By Leslie Scott, LSW
Learn more about the issues facing the young people we serve.
By Leslie Scott, LSW
Each year, Huck House is invited by See Kids Dream to help teach young students about how they can make the world a better place. Guess what happens. Yep! These young students go out and make the world a better place! This year, the students at Ohio Avenue Elementary School, with help from their advisers from Crimson Cup Coffee, created this awesome video to spread awareness about Huck House.
Ohio Avenue Elementary School was featured on the news (click here to watch) for the help they are giving to Huck House. On an equally inspirational, and more serious, note, their school was the topic of an article in The Atlantic last month: “One Ohio School’s Quest to Rethink Bad Behavior.”
Thank you to the See Kids Dream Club at Ohio Avenue Elementary School for making the world a better place.
On May 17, in Washington, DC, the Housing and Insurance Subcommittee of the House of Representatives Ways and Means Committee held a hearing about homlessness. Columbus was well represented at the hearing by Ann Bischoff, CEO of Star House. At the invitation of Congressman Steve Stivers, Huckleberry House executive director Becky Westerfelt submitted a letter of testimony to the hearing. The text of Becky’s letter follows. It focuses on one part of H.R. 1661, the “Affordable Housing Credit Improvement Act of 2017” that would positively affect Huck House youth: student occupancy rules. Should the bill become law, youth will no longer have to choose between thriving or merely getting by. Read more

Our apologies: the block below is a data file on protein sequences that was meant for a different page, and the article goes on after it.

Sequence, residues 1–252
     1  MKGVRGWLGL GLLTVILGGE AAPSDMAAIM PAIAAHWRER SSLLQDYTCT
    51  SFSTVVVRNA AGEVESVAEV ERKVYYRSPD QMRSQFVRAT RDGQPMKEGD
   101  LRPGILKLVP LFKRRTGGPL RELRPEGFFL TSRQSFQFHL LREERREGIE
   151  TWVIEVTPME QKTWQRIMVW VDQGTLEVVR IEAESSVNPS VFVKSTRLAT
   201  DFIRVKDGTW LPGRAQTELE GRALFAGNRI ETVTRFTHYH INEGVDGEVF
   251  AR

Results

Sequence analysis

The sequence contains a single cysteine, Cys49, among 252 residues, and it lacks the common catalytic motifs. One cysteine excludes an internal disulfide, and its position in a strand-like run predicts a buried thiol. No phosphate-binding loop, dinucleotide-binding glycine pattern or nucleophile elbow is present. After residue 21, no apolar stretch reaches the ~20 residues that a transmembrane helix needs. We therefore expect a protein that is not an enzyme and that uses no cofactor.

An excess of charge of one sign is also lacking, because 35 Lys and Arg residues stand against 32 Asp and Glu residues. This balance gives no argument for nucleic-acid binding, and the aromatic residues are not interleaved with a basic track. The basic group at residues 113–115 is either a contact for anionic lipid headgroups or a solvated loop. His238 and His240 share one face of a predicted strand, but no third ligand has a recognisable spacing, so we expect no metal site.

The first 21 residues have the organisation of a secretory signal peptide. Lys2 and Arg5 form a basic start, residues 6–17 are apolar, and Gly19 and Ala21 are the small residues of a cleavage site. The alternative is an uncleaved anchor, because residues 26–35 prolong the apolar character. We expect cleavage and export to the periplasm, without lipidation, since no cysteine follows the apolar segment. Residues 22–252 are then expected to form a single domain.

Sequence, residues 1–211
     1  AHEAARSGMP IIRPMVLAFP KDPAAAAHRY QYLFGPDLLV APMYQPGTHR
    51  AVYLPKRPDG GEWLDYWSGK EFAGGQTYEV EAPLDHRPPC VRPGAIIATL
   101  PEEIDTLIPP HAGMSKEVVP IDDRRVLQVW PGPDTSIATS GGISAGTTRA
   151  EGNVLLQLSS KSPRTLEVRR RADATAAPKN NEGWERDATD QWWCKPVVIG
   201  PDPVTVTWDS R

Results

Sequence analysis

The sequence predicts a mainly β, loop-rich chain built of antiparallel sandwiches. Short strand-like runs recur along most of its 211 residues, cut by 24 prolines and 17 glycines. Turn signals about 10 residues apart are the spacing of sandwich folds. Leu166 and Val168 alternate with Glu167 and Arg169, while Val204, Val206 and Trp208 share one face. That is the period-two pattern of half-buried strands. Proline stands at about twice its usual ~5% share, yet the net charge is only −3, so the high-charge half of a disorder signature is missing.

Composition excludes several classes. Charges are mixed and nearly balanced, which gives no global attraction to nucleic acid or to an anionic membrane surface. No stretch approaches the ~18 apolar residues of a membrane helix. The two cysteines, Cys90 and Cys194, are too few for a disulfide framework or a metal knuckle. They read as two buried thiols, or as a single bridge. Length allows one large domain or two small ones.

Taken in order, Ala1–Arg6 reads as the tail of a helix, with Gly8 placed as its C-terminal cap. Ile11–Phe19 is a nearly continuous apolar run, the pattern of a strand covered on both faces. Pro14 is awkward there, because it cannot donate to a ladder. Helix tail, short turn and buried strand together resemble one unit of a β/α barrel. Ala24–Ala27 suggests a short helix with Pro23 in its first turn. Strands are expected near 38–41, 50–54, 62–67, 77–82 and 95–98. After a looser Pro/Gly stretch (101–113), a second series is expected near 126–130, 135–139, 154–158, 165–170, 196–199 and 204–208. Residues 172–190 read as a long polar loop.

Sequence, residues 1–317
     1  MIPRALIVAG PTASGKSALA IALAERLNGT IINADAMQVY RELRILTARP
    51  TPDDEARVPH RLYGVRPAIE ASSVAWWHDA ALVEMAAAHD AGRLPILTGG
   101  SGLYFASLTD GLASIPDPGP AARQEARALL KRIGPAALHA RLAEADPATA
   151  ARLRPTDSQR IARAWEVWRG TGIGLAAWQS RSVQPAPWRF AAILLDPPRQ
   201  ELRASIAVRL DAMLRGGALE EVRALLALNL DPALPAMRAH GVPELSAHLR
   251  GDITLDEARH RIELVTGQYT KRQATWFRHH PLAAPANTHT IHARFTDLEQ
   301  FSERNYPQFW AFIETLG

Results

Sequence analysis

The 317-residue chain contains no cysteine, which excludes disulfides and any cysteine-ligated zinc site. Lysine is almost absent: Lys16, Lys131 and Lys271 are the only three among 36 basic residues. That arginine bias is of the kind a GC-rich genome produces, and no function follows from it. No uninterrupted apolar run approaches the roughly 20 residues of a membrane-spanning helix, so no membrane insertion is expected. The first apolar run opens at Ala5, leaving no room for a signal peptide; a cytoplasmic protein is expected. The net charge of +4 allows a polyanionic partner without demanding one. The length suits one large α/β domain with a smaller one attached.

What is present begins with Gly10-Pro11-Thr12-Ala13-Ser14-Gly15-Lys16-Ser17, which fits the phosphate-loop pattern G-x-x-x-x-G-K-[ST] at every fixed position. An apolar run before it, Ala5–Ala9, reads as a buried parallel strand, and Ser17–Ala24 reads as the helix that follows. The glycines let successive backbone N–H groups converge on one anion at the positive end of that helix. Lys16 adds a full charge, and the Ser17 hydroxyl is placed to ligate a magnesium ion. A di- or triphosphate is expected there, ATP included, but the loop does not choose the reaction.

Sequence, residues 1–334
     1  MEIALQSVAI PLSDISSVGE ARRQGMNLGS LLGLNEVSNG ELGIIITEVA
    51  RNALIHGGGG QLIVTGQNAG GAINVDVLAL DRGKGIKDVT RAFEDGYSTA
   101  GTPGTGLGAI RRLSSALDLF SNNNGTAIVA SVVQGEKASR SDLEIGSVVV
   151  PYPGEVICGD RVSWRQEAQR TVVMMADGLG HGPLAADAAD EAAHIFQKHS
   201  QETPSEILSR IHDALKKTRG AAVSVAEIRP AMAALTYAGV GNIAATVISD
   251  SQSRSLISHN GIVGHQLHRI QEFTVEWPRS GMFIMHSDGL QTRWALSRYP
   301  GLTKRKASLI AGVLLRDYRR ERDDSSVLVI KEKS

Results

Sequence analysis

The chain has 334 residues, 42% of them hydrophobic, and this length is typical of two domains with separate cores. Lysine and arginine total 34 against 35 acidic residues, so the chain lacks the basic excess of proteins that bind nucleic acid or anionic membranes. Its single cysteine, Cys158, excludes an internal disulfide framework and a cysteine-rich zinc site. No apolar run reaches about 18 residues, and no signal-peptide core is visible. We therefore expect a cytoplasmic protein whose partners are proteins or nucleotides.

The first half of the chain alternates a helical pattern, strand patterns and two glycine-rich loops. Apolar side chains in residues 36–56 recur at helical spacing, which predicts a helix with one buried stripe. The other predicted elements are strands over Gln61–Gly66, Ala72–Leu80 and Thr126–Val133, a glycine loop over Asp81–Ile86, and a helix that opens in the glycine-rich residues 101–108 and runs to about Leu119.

The end of the school year can be an overwhelming time for many high school students. Unfortunately, it can also be difficult for many young people to recognize and articulate when they are feeling stressed. Rather than saying “I feel stressed” your child might say “I have a stomachache” or “I’m not sleeping at night.” Some teens may become irritable, impatient, angry, or even aggressive when they are feeling stressed. Others may become anxious, scared, or panicky. As a parent, paying attention to the signs and symptoms of stress can help you recognize and help your child if he or she is struggling. Read more
by Becky Westerfelt, Executive Director